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    ABSTRACT: Objective To compare the percentage of operative vaginal delivery (OVD) among all publicly funded maternity hospitals in Ireland and to develop quality control performance tables to facilitate national benchmarking. Methods The analysis included deliveries of neonates weighing 500 g or more in publicly funded hospitals in Ireland in 2010. Information was obtained from the Irish National Perinatal Reporting System. Maternities delivering in 1 private hospital or at home, and those with unknown parity were excluded. Mean ± SD OVD rates were calculated per hospital. Quality control tables were devised. Results In 2010, there were 75 600 deliveries, of which 73 029 met the inclusion criteria. The number of deliveries per hospital ranged from 1284 to 9759. The OVD rate per hospital was 15.3 ± 2.6% (range, 11.7–20.4%). The OVD rate was 29.1% among primigravidas (n = 30 468) compared with 6.7% among multigravidas (n = 42 561) (P < 0.001). Using quality control tables, 52.6% (n = 10) and 31.6% (n = 6) of hospitals were more than 1 SD outside the national mean for forceps and ventouse delivery, respectively. Conclusion Wide variations were found in both the range of OVD and instrument choice among maternity hospitals in Ireland, raising questions about practice and training in contemporary obstetrics.
    Full-text · Article · Jun 2014 · International journal of gynaecology and obstetrics: the official organ of the International Federation of Gynaecology and Obstetrics
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    • "However, the reported effect of race/ethnicity on primary cesarean rates is inconsistent among groups and between studies, possibly reflecting study design diversity, variation in the distributions of racial/ethnic groups’ prevalent in different geographic areas, and unreliable race/ethnicity measures. Furthermore, due to considerable intra-regional variation, [10,13], national data on primary CDs may not reflect local trends, substantiating the need to monitor rates at the individual hospital level [14]. Therefore, this study sought to assess the extent to which primary, unscheduled cesarean deliveries and their indications vary by race/ethnicity at a single tertiary-care academic center with a diverse urban and suburban population. "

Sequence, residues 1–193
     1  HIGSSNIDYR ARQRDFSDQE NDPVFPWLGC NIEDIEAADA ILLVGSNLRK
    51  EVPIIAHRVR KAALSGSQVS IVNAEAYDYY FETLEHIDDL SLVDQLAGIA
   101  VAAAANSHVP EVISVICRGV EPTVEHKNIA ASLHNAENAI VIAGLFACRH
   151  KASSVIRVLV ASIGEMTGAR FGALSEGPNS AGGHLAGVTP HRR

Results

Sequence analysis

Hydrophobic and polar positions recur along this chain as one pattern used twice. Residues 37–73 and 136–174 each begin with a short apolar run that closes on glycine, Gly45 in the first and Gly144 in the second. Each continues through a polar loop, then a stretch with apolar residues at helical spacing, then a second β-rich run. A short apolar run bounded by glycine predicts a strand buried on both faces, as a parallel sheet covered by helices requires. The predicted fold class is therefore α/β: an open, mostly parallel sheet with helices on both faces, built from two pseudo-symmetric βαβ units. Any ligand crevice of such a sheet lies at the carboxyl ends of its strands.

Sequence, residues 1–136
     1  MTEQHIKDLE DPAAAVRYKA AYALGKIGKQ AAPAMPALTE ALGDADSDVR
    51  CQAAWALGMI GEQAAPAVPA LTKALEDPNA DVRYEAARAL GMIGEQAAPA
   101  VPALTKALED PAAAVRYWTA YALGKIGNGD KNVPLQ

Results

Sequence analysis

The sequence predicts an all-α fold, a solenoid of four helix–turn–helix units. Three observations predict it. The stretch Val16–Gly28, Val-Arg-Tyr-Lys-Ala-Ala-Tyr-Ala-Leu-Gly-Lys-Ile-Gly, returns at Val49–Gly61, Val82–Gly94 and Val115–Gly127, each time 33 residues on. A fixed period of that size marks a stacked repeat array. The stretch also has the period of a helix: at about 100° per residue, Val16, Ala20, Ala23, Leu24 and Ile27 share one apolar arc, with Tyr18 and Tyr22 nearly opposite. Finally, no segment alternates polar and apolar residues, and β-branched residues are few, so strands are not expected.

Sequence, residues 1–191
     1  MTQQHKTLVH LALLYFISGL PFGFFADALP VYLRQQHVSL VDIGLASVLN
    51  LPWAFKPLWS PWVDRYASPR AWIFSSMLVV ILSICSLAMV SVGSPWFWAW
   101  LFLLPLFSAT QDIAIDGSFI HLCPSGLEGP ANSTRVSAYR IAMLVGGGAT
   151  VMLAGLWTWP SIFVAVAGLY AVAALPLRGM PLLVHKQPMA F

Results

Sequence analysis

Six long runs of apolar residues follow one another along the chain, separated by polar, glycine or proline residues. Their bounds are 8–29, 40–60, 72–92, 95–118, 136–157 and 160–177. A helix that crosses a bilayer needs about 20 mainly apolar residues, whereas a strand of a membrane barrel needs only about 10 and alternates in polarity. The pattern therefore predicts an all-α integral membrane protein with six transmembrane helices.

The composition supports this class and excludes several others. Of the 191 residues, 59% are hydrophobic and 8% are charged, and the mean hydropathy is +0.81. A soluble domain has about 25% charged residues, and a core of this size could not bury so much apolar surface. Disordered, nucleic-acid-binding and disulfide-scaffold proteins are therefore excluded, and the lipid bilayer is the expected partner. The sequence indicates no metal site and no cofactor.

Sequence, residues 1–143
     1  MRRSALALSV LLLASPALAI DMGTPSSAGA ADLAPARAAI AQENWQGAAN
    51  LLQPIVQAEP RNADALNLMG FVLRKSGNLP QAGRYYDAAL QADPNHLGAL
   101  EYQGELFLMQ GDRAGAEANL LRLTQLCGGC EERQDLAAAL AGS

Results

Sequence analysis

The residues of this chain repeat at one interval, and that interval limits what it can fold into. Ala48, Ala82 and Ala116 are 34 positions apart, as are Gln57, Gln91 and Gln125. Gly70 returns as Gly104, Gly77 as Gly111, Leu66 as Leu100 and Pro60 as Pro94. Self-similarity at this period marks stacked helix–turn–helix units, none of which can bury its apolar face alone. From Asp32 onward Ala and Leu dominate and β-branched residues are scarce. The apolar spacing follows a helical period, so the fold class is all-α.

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    ABSTRACT: Cesarean sections are the most common surgical procedure for women in the United States. Of the over 4 million births a year, one in three is now delivered in this manner and the risk adjusted prevalence rates appear to vary by race and ethnicity. However, data from individual studies provides limited or contradictory information on race and ethnicity as an independent predictor of delivery mode, precluding accurate generalizations. This study sought to assess the extent to which primary, unscheduled cesarean deliveries and their indications vary by race/ethnicity in one academic medical center. A retrospective, cross-sectional cohort study was conducted of 4,483 nulliparous women with term, singleton, and vertex presentation deliveries at a major academic medical center between 2006--2011. Cases with medical conditions, risk factors, or pregnancy complications that can contribute to increased cesarean risk or contraindicate vaginal birth were excluded. Multinomial logistic regression analysis was used to evaluate differences in delivery mode and caesarean indications among racial and ethnic groups. The overall rate of cesarean delivery in our cohort was 16.7%. Compared to White women, Black and Asian women had higher rates of cesarean delivery than spontaneous vaginal delivery, (adjusted odds ratio {AOR}: 1.43; 95% CI: 1.07, 1.91, and AOR: 1.49; 95% CI: 1.02, 2.17, respectively). Black women were also more likely, compared to White women, to undergo cesarean for fetal distress and indications diagnosed in the first stage as compared to the second stage of labor. Racial and ethnic differences in delivery mode and indications for cesareans exist among low-risk nulliparas at our institution. These differences may be best explained by examining the variation in clinical decisions that indicate fetal distress and failure to progress at the hospital-level.
    Full-text · Article · Sep 2013 · BMC Pregnancy and Childbirth